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Limited Globalisation Is A Concern For Some Economies, Including India

“The future economic progress requires quality of institutions and that can include a variety of things such as the issues of corruption. It is not hard to see that India needs a lot of institutional progress," said Nobel laureate Paul Krugman

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Limited Globalisation is a concern for some economies, it may be a concern for India at a certain point Nobel laureate Paul Krugman said at News18 Rising India Summit held in New Delhi on 17th February, 2017. The renowned economist further said institutional problems and failures that are taller when you are in poor wage countries start to become bigger obstacles when you are no longer producing competitively priced products.

It is to be mentioned that Paul Robin Krugman is an American economist who is currently a Distinguished Professor of Economics at the Graduate Center of the City University of New York, and a columnist for The New York Times. In 2008, Krugman was awarded the Nobel Memorial Prize in Economic Sciences for his contributions to New Trade Theory and New Economic Geography.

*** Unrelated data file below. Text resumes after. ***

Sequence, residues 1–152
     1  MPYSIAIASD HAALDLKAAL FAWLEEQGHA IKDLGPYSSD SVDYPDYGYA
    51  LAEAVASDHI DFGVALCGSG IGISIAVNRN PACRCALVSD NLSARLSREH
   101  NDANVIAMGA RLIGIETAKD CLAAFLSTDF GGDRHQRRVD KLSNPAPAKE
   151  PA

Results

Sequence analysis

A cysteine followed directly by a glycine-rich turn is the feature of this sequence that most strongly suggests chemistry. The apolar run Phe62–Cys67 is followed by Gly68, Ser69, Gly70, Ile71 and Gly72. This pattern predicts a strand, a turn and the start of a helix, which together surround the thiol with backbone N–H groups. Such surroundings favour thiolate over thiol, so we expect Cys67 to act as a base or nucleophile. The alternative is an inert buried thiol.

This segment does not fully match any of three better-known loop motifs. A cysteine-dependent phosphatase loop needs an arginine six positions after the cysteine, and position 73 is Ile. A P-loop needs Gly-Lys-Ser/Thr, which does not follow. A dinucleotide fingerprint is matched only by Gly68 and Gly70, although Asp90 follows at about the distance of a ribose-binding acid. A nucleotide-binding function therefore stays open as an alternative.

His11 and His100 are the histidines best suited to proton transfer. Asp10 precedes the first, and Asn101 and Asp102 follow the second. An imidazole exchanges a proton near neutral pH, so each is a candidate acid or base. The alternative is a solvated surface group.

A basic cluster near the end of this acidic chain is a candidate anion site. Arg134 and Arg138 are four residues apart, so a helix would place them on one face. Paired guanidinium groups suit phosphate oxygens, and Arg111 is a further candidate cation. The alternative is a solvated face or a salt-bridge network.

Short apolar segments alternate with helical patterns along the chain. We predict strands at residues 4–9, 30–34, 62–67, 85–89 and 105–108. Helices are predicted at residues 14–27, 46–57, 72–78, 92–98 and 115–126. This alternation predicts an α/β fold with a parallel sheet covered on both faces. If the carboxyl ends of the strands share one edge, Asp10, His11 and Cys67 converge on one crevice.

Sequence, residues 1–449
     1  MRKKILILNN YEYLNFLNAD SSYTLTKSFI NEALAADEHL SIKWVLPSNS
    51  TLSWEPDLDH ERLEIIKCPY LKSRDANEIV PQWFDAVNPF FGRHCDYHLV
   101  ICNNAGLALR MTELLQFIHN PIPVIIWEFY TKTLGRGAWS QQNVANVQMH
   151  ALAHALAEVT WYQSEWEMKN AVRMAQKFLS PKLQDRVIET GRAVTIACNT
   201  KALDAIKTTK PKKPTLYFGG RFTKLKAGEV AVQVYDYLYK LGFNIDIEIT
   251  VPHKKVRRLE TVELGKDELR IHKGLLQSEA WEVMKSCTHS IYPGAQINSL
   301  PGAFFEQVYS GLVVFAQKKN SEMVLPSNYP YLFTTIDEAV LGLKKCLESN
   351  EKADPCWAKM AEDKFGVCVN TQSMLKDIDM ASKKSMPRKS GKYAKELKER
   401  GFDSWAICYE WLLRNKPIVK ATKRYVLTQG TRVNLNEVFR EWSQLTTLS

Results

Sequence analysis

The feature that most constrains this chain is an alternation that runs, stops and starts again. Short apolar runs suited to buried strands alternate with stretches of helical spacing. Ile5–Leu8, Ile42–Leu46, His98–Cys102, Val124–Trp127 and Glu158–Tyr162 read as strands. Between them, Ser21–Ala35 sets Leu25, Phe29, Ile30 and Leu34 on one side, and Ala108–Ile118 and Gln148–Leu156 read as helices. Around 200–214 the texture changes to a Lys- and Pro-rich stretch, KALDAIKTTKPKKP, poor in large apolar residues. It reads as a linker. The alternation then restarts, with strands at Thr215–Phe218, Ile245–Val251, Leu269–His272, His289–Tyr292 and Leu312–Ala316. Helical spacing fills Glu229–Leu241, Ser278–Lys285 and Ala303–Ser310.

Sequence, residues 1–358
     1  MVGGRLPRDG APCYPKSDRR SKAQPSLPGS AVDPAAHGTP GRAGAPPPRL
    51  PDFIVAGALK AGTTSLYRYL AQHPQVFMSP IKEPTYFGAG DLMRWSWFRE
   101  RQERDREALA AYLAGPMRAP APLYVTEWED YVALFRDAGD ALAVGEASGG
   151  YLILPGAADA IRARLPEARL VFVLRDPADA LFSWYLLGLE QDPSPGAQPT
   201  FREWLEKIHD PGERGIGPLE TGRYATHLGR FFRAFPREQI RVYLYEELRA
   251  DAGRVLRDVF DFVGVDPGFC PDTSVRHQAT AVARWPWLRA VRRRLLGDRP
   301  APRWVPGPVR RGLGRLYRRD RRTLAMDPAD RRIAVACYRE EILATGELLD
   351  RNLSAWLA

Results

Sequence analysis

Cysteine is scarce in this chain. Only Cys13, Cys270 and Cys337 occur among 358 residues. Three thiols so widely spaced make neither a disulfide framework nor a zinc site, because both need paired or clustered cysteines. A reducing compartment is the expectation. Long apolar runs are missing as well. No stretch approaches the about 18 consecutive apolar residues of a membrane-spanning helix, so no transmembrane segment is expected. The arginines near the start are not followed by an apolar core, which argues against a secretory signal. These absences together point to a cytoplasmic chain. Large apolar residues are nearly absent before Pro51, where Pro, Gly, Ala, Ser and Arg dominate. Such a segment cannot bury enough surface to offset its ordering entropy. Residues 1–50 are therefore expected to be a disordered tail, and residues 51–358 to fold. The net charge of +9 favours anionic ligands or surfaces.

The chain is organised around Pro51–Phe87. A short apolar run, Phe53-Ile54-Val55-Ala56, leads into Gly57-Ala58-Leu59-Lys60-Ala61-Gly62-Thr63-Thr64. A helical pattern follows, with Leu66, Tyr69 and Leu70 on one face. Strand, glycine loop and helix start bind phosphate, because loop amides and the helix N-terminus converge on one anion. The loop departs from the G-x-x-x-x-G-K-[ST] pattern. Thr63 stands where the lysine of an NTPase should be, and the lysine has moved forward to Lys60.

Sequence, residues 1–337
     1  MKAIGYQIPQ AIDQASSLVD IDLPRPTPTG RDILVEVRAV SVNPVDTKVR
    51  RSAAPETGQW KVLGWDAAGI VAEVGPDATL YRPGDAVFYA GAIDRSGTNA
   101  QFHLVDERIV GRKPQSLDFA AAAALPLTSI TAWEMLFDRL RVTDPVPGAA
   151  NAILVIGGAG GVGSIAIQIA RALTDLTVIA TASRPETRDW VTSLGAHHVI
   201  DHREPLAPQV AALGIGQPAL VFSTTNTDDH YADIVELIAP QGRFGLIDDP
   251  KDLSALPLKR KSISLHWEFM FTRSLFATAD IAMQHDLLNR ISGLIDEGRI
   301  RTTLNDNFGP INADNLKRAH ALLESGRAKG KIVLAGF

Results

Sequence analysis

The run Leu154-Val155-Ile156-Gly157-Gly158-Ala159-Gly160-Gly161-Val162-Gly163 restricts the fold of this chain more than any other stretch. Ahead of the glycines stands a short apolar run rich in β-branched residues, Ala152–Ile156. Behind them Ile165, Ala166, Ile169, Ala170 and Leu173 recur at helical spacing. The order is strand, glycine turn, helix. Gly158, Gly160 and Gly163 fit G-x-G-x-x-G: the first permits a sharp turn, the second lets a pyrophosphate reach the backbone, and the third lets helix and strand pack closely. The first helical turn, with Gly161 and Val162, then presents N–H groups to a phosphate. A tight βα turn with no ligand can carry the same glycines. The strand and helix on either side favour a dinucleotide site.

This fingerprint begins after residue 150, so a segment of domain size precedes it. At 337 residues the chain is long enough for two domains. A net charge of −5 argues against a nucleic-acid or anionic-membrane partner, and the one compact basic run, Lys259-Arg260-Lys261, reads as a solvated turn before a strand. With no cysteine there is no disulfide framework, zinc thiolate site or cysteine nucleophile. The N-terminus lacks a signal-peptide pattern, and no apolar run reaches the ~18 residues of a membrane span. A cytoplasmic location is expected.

“The future economic progress requires quality of institutions and that can include a variety of things such as the issues of corruption. It is not hard to see that India needs a lot of institutional progress and needs to go a long way to get up to the kind of performance that one sees in most advanced countries. That means India is potentially susceptible to much struggling middle-income trap,” revealed Krugman while addressing the occasion.

Krugman also stated, “Two things that may come as a surprise for you (in India) in terms of threats. One is Artificial Intelligence (AI). With increasing globalisation and AI, things like this could be a cause for worry for Indian services. For example, tests are performed on someone in New York, it could be interpreted by someone here (in India) at one third the wage someone gets in the US or it could be interpreted by some expert systems. Secondly, we are still very vulnerable in the advanced economies and this open growth trading system, that is been so crucial to the progress of developing countries, is obviously under threat. There is populism on the rise and political backlash and irrational policies (in the US).”


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